The term “ontology” comes from the Greek words “ὤν” (ōn), meaning “being” or “existence,” and “λόγος” (logos), meaning “study” or “discourse.” Here’s a detailed chronological breakdown:

1. Proto-Indo-European (PIE)

The PIE root “*es-” means “to be.”

2. Ancient Greek

From the PIE root, the Ancient Greek word “ὤν” (ōn) developed, which is the present participle of “εἰμί” (eimí), meaning “to be.” The suffix “-λογία” (-logia) comes from “λόγος” (logos), meaning “word,” “study,” or “science.” Combined, “ὀντολογία” (ontologia) means “the study of being.”

3. Late Latin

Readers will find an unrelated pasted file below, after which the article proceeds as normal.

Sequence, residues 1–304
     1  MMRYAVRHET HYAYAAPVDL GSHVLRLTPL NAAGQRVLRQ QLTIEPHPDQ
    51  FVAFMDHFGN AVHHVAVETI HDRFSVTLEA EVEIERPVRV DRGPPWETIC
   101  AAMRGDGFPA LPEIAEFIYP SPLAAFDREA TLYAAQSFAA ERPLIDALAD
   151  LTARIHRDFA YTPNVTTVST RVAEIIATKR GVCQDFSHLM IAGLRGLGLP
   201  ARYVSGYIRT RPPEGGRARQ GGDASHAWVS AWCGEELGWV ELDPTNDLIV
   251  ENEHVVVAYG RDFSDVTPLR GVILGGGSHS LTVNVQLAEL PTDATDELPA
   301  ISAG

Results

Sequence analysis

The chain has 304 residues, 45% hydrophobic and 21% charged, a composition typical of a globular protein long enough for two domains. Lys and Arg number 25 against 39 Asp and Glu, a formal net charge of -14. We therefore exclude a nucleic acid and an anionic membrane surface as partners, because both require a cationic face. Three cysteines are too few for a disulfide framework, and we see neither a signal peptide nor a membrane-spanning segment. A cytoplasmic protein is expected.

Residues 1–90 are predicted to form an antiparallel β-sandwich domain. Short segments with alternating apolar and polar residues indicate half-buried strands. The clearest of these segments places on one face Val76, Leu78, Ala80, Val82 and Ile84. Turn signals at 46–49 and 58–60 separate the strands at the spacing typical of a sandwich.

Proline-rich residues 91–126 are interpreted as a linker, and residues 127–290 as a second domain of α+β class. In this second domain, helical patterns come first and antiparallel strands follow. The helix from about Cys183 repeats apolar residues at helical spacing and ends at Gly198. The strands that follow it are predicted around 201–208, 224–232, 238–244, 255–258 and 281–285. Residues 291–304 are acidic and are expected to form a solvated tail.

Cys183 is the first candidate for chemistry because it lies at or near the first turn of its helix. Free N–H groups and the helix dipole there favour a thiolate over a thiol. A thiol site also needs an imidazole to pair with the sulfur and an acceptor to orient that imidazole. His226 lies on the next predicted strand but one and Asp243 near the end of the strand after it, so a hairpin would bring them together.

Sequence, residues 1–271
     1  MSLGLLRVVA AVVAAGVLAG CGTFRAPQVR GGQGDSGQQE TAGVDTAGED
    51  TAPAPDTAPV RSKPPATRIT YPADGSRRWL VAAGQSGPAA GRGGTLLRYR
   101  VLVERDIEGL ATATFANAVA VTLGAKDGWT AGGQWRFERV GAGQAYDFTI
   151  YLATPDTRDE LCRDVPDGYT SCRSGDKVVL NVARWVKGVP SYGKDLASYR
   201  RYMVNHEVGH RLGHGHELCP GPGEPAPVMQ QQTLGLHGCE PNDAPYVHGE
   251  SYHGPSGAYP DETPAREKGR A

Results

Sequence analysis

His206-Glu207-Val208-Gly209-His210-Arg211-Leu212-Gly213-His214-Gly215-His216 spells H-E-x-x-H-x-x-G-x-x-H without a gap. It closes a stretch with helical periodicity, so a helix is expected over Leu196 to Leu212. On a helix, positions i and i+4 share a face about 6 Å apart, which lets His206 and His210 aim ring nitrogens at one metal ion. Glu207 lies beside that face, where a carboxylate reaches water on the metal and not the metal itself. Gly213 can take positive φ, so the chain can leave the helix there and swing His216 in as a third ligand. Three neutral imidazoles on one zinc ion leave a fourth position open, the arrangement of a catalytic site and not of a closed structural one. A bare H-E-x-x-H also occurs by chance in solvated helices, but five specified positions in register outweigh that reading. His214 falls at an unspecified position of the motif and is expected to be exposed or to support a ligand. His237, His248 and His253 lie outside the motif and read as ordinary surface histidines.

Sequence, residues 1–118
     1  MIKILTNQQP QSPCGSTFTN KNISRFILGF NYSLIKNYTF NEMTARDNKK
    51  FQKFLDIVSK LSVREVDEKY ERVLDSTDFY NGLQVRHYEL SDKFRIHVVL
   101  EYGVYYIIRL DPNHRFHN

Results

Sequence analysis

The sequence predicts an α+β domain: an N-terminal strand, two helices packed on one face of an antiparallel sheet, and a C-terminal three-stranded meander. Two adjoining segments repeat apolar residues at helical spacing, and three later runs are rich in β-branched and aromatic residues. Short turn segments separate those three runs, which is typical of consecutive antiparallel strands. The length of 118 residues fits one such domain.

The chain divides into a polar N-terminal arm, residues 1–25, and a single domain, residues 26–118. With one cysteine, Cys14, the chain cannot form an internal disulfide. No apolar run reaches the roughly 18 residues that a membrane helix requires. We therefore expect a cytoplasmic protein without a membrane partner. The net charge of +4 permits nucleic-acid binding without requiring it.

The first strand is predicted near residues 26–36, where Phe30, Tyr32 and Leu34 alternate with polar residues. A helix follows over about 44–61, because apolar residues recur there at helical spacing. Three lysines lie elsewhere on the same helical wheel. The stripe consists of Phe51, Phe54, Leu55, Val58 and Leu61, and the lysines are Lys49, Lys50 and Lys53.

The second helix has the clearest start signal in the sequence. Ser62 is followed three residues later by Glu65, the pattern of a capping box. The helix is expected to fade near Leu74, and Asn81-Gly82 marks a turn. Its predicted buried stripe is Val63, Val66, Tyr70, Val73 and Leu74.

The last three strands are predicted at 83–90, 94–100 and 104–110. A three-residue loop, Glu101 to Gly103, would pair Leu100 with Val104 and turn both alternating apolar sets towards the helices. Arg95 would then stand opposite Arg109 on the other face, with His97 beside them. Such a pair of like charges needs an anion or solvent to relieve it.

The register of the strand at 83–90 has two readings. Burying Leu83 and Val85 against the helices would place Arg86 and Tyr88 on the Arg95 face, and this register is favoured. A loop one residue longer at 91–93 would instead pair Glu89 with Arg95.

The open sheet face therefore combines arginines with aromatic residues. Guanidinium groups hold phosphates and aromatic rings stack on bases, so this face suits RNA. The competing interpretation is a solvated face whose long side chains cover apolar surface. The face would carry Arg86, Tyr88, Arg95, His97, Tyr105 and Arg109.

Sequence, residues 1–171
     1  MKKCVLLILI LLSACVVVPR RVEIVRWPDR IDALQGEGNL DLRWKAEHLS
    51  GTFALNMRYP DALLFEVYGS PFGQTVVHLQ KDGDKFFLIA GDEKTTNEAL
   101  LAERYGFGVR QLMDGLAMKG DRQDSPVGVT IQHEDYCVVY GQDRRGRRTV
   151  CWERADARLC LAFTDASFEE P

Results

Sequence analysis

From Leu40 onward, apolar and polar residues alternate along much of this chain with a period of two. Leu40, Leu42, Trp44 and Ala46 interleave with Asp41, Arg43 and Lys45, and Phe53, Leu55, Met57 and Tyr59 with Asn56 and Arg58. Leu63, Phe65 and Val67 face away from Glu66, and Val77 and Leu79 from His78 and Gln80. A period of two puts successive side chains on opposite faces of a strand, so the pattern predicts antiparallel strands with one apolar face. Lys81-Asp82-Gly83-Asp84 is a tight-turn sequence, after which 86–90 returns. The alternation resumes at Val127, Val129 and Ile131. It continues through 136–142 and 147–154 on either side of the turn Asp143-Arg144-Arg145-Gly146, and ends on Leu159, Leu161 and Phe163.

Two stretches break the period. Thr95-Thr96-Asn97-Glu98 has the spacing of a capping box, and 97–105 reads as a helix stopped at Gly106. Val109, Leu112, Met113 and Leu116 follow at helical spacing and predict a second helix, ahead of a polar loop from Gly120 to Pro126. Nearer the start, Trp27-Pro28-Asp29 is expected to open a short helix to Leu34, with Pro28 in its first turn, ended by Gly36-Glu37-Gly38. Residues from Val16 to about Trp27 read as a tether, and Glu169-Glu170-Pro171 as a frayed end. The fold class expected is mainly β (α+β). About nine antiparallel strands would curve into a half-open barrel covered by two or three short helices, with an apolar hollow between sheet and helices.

The Greek “ὀντολογία” (ontologia) was adopted into Late Latin as “ontologia,” retaining the same meaning of “the study of being.”

4. Middle English (c. 11th to 15th century CE)

The term “ontologia” influenced Middle English, although “ontology” as a specific term did not yet exist in English.

5. Modern English (from 17th century CE to present)

The term “ontology” was introduced in the early 17th century, combining the Greek “ὤν” (ōn) and “λόγος” (logos) to form “ontology,” referring to the branch of metaphysics dealing with the nature of being, existence, and reality.

The word “ontology” reflects the philosophical study of being, existence, and the fundamental nature of reality. It is a central branch of metaphysics that explores what entities exist and how they can be grouped, related, and categorized.